As the country began grappling with the coronavirus outbreak in early spring, many Americans sought to protect themselves and their families by purchasing firearms.
Between March and May of 2020, national background check data recorded 2.1 million firearm purchases, which is a 64 percent increase over the previous period, according to a new study by the UC Davis Violence Prevention Program (VPRP).
The authors of the study argue that the spike in firearm purchases is directly related to the subsequent increase in gun violence during the pandemic.
While the authors cautioned that their report had not yet been peer reviewed, they said their preliminary findings showed how fears generated by the nation’s health crisis translated into firearm injuries and deaths.
They based their findings on monthly data from the National Instant Criminal Background Check System (known as NICS) on firearm purchases and reported firearm violence cases from January 2018 through May 2020.
They then highlighted the time frame between March and May of 2020, when roughly every state was feeling the impact of the coronavirus pandemic through unprecedented stay-at-home orders and travel restrictions.
“In a state-level analysis, we find that the size of the increase in purchasing (which varied among the states) is tied to the size of the increase in violence,” the researchers concluded.
In other words, the more excess firearm purchases a state saw, the more gun violence that quickly followed.
To put the increase in firearms purchases into a different perspective, Julia P. Schleimer, VPRP research analyst and primary author of the study, wrote that since the COVID-19 outbreak, there are now 644 more firearms per 100,000 people than before.
The states that saw the most excess firearm purchases from March to May of this year were New Hampshire, Mississippi, Kentucky, Vermont, Wyoming, Montana, Idaho and Arizona.
Conversely, other states — specifically Massachusetts, Michigan, New York, New Mexico and Washington — actually closed their firearm stores at some point during the pandemic lockdown.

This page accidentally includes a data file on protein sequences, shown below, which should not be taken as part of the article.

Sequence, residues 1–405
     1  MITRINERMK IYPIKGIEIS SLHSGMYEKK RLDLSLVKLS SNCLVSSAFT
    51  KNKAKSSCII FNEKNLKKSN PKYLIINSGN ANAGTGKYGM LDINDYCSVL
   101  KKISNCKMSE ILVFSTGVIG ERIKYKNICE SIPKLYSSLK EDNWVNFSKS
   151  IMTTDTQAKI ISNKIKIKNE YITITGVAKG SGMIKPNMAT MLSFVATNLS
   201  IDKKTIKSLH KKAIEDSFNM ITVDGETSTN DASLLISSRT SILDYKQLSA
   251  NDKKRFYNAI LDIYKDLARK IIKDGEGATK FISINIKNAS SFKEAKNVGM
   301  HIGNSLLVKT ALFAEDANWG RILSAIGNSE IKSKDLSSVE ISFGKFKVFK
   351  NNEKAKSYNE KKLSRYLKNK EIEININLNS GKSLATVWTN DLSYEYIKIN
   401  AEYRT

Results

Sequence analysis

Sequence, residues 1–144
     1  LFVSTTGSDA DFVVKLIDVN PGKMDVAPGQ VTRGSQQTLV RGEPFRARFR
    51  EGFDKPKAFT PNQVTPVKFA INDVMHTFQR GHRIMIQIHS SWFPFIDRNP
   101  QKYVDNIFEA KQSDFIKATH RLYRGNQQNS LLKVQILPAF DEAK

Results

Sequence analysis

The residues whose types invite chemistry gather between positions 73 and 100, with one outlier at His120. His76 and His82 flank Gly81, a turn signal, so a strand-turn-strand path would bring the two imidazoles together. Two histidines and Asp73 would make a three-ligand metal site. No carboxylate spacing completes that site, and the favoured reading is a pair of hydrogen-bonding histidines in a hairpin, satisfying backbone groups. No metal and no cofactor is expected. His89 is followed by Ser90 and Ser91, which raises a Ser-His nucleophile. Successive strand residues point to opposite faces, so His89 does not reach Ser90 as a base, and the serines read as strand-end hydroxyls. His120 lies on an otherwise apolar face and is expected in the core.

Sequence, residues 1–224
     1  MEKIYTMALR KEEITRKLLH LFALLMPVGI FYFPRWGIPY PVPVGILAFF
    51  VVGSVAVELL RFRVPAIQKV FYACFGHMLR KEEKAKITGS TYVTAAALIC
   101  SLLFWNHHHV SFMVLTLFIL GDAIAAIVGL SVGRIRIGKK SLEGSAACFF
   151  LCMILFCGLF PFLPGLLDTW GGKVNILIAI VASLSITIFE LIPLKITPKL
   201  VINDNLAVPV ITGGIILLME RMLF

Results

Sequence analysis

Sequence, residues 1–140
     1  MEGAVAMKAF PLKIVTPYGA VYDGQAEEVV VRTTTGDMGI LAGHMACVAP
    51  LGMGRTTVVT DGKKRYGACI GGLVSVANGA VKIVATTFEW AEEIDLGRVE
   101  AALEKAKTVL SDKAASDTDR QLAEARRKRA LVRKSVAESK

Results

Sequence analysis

Those states are the ones that saw the smallest increase in legal firearm purchases.
“Surges in firearm purchasing are associated with mass shootings and significant political events,” Schleimer continued, specifically citing the seemingly controversial stay-at-home orders that many states endured.
This surge in purchasing following a significant political event is a trend our country has seen before.
Researchers cited that there was a spike in California’s gun purchases following both the 2012 presidential election and Sandy Hook shooting.
Moreover, this number of new firearms in households has increased the amount of firearm violence by almost 8 percent, and it’s having a devastating effect on communities, the study found.
The researchers say the uptick in violence translates to an increase of “over one injury or death for every 100 excess firearms purchased per 100,000 population.”
These violent spikes are beginning to make it into our headlines, as just this past weekend there were multiple shootings in New York City, Philadelphia, and Chicago — all with dozens of injuries and a handful of deaths.
Other exacerbating factors that could have contributed to the increase in the actual firearm violence include “financial stress, tension, trauma, grief, worry, disruptions to daily routines, and a sense of hopelessness” as well as general “fear and scapegoating associated with COVID-19.”
Considering the psychological stressors and triggers, the VPRP researchers suggest that the culture around firearms and their accessibility must be addressed by lawmakers and law enforcement authorities.
“Given the impulsive nature of most firearm violence, and the multiple strains associated with the pandemic, short-term crisis interventions, such as extreme risk protection orders and those involving violence intervention specialists, may be particularly useful during the pandemic,” the researchers recommend.
Other recommendations based on this research include the following:
- Screening for firearm ownership in healthcare settings;
- Support and enforce safer firearm use and storage;
- Address contributing risk factors for violence;
- Address fears created by misinformation in the media; and,
- Address misperceptions about health risks and benefits of firearm ownership.
“Firearm violence is a significant public health and safety problem in the United States,” the researchers conclude. “A surge in firearm purchases following the onset of the coronavirus pandemic may [continue to] increase rates of firearm violence.”
The full study can be accessed here.
Andrea Cipriano is a TCR staff writer.